BARCELONA—Earlier this month, AstraZeneca turned heads with outcomes data showing its Farxiga (dapagliflozin) could improve heart failure outcomes for people both with and without diabetes. And now, the company is out with metabolic and safety data that further support Farxiga use in non-diabetic patients.
Thursday at the European Association for the Study of Diabetes (EASD) annual meeting, the British drugmaker presented results showing that Farxiga showed greater reductions in HbA1c, a common measure of blood glucose, among the 45% of DAPA-HF study patients with Type 2 diabetes.
In non-diabetic patients, it didn’t make a significant impact, “which is what you want to see,” Naeem Khan, AZ’s medical vice president of cardiovascular and metabolic disease, said.
The drug spurred weight loss in both groups, though diabetic patients saw larger reductions on average, measuring 1.6 kg versus 0.6 kg for patients without diabetes. And both groups saw a decrease in systolic blood pressure, too, Khan said.
Patients “across the board” also saw an increase in hematocrit, the volume percentage of red blood cells in blood. “That’s really interesting,” Khan noted, adding that “divergence from the metabolic effects to hematocrit and hemodynamic effects can be something this brings forward to see why dapagliflozin is working.”
And last but not least, data unveiled at EASD showed that side effects such as hypoglycemia and ketoacidosis only cropped up in the diabetes group; Farxiga didn’t increase their occurrence in those without diabetes.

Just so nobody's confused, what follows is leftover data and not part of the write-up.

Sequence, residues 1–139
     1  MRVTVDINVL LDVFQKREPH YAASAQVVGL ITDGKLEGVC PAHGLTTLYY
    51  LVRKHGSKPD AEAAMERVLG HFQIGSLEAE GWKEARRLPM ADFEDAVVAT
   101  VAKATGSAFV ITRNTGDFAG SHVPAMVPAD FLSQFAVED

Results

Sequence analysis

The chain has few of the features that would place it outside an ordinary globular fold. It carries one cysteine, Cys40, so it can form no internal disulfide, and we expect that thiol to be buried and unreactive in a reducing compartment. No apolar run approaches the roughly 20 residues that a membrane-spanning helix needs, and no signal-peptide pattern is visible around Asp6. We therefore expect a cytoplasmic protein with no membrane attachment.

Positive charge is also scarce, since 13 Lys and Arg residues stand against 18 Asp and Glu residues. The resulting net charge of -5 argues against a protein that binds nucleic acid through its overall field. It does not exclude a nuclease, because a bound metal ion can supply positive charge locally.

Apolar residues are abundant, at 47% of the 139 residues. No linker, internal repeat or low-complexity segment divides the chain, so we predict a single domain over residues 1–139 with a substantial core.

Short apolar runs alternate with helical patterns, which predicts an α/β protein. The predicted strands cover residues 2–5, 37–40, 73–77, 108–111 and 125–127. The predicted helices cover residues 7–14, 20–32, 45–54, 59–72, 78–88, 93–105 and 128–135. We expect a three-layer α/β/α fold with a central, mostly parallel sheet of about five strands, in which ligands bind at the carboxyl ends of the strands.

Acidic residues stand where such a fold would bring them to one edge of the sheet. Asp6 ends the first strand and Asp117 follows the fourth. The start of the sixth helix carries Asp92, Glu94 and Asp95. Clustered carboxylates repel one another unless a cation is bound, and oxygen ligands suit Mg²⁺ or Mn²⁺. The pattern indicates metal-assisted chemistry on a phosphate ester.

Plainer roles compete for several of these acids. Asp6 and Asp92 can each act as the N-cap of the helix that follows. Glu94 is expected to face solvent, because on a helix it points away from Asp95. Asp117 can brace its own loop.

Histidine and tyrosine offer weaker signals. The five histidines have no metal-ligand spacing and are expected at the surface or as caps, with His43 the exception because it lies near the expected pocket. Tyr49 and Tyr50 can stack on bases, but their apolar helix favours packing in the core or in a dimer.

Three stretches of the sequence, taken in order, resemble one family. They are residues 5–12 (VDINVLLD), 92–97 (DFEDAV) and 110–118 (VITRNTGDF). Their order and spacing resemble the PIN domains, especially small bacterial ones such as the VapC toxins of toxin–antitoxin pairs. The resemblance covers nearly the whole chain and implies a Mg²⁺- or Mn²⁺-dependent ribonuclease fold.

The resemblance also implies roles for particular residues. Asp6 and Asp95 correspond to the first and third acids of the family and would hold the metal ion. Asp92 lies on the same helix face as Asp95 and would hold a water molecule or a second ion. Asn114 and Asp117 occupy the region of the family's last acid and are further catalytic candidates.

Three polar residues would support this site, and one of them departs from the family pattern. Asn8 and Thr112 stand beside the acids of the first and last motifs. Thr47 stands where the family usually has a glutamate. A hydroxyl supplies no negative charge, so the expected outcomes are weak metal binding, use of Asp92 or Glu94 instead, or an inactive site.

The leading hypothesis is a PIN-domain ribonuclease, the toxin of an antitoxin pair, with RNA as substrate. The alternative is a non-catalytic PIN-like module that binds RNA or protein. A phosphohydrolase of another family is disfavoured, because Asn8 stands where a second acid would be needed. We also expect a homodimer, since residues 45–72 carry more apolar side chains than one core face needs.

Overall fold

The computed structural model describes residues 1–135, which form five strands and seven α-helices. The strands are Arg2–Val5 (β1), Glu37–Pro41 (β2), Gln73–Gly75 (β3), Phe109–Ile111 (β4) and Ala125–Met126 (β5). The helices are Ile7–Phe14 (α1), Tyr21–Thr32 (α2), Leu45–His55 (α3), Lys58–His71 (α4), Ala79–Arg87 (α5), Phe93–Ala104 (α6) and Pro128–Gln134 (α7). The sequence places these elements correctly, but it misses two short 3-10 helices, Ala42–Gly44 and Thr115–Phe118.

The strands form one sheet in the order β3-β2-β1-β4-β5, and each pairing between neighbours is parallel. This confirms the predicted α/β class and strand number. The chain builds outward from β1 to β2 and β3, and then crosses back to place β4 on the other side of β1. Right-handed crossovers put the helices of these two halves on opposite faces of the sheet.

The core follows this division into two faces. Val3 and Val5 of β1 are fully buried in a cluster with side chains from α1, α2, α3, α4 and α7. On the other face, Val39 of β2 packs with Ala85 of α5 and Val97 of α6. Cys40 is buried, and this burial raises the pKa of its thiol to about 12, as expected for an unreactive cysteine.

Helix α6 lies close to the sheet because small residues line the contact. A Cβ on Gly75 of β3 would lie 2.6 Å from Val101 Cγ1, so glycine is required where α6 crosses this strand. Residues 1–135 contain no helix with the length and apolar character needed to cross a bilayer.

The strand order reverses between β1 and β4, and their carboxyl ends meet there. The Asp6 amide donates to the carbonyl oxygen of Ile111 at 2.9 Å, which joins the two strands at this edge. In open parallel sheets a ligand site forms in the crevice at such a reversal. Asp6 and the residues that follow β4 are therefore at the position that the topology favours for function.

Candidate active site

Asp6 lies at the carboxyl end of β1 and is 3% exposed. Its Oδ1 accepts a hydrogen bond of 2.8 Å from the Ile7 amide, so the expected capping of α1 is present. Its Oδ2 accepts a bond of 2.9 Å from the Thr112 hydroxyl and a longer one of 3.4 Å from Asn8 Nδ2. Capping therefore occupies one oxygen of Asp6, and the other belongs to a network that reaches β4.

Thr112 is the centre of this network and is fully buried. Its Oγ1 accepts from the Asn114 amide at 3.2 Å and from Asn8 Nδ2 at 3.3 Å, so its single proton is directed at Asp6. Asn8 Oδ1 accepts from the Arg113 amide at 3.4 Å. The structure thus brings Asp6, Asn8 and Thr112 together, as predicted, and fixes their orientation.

“Things that people worry about with” use of Farxiga’s class of SGLT2 medicines—“they only happened in the diabetes group,” Khan said. “That should give some comfort” to doctors that treat non-diabetic heart failure patients.
The new info follows the DAPA-HF presentation at this month’s European Society of Cardiology Congress in Paris, where AstraZeneca unveiled results showing that adding Farxiga to standard-of-care treatment could pare down the risk of cardiovascular death or hospitalization in heart failure patients by 26%—regardless of whether those patients had Type 2 diabetes.
Analysts predicted the data would boost Farxiga and its SGLT2 classmates, including Boehringer Ingelheim and Eli Lilly’s Jardiance—and potentially help Farxiga step on the toes of current heart failure offerings, including Novartis’ Entresto, too.
AstraZeneca certainly plans to try. “We are very much committed to continuing to have a strong presence in the primary care and endocrinologist space … and also really continuing the conversation where heart failure is treated in the cardiology space,” said Kiersten Combs, AZ’s U.S. vice president of cardiovascular and metabolic disease.
And AstraZeneca’s “strong commercial presence” across the cardiovascular, metabolic and renal specialties “puts us in a good spot” to have that conversation, she added, pointing to AZ’s “strong legacy” in the cardiovascular space. That legacy “goes long and deep” into a number of different cardiology subspecialties, thanks to drugs such as cholesterol cash cow Crestor and clot-buster Brilinta.
“We will really, truly look to cover the spectrum—general cardiology as well as those who specialize in heart failure,” Combs said.